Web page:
Getting a good nights rest is being considered more and more a priority than a luxury, with the strong understanding that in order to function at our best we must take time to rest. The National Sleep Foundation recommends adults to aim for 7–9 hours of sleep a night (1), and while there will be times in our life where sleep is compromised, maximising what time we can will always pay huge dividends to how we feel the following day - time in bed is never regretted!
For this blog, I’ve paired up with Sealy NZ to chat about some simple tips and considerations for getting a good night’s rest. With summer just around the corner, now’s a great time to reflect on our sleeping habits, and ways we can encourage restful sleep over our warmest months of the year. For tips during winter time, check out my winter blog with Sealy here.
Components of a good night's rest - our bedroom environment
To encourage a good night’s rest, it’s important for our bedroom environment to be a sancturary conducive of sleep, rather than a place that distracts from it. Here are elements to consider:
Over the summer months, a rising thermostat can impact our slumber. According to research, the temperature range of 16-19 degrees celcius is ideal for drifting off to sleep (2), and as this climbs we may begin to feel restless. To help regulate temperature try:
Dressing according - light breathable cotton pyjamas help with keeping cool.
Save any heavier bedding for winter and instead opt for single sheets.
Maximise cool air circulation or cross-breezes through your bedroom by keeping a window open (if appropriate/safe to) or utilising a fan.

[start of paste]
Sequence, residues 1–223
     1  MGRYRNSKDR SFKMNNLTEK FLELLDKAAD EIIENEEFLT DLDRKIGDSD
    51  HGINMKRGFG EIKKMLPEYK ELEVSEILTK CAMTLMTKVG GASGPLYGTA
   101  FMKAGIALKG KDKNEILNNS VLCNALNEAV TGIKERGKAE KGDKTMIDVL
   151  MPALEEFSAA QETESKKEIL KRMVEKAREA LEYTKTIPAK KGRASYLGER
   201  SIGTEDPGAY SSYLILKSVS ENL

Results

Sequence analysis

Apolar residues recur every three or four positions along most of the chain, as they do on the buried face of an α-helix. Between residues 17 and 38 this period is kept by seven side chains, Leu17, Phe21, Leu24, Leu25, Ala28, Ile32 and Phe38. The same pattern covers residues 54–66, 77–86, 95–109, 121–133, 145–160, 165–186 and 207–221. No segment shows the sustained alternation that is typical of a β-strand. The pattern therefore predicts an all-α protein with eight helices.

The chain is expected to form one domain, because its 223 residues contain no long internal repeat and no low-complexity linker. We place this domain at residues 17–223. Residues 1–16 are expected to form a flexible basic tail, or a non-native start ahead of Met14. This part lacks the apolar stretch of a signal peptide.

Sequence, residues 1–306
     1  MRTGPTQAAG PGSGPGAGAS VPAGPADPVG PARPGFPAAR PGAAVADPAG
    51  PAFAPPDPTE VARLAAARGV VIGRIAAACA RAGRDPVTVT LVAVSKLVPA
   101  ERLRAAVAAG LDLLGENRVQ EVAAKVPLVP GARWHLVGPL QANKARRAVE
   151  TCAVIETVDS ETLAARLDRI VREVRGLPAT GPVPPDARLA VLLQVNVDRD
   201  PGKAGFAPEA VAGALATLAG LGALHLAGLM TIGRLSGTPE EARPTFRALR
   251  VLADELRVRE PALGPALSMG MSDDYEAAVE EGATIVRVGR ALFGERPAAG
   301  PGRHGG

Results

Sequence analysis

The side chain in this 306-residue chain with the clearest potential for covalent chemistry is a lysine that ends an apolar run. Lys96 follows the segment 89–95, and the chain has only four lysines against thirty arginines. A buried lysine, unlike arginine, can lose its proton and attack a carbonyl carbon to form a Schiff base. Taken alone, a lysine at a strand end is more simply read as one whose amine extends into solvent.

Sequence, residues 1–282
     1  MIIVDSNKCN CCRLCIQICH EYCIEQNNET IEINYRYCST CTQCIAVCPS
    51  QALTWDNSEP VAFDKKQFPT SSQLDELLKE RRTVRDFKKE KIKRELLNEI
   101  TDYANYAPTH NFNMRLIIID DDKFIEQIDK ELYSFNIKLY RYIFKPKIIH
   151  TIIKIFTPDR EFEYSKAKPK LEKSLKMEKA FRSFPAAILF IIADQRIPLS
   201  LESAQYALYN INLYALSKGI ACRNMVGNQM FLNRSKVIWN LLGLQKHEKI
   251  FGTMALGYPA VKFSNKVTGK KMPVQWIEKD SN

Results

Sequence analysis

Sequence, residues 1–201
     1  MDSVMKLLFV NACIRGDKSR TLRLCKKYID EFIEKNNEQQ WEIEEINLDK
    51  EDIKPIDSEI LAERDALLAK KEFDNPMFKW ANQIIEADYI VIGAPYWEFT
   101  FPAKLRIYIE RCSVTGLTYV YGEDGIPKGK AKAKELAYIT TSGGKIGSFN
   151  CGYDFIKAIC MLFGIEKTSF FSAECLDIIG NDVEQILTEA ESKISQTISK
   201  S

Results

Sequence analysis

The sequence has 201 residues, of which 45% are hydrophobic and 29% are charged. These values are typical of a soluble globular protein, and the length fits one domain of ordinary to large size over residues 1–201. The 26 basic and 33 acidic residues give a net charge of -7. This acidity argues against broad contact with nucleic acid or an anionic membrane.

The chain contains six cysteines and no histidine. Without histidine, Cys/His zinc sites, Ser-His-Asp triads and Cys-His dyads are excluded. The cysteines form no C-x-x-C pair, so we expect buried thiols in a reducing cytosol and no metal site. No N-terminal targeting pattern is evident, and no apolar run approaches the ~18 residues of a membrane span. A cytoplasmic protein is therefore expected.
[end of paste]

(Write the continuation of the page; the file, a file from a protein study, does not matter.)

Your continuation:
Take a cool refreshing shower before bed.
Considering the amount of time we spend on it, and it’s impact on our sleep quality, our bed really is an important investment. The key here is our mattress, and ultimately it’s a personal decision around it’s comfort, feel and space. When a mattress lacks comfort and support, or we don’t have enough space (hello, spreadeagled sleeping partner!), this can encourage a poor sleeping posture.
The feel of our bed, everything from the mattress to the pillow, can make a big difference between a restful verses a restless night sleep.
Finding the right comfort level (e.g. a mattress that is firm, plush/soft or ultra plush/soft) is easier than you’d think! It just requires time testing what feels best to you. When selecting a mattress aim to spend a few minutes on each bed to really feel the difference. Once you’ve found a comfort you like, try out other models within the range to see what you like best (3).
Night is synonymous with sleep, and there’s biological reasoning for this - light suppresss melatonin production, a hormone that encourages sleep.
In anticipation for bed, minimising our exposure to bright lights (especially those backlighting our technology e.g. televisions, mobiles, laptops or tablets), in favour of lamps or bedroom candles, can be effective and all-natural, strategy to help coax our body to dreamland.
To avoid waking from that early morning sun, trail an eye-mask or blackout blinds.
Over the summer nights, Daylight Savings means we have an extra sunlight in the evening (and possible fun!) to enjoy - allow yourself time to unwind before bed.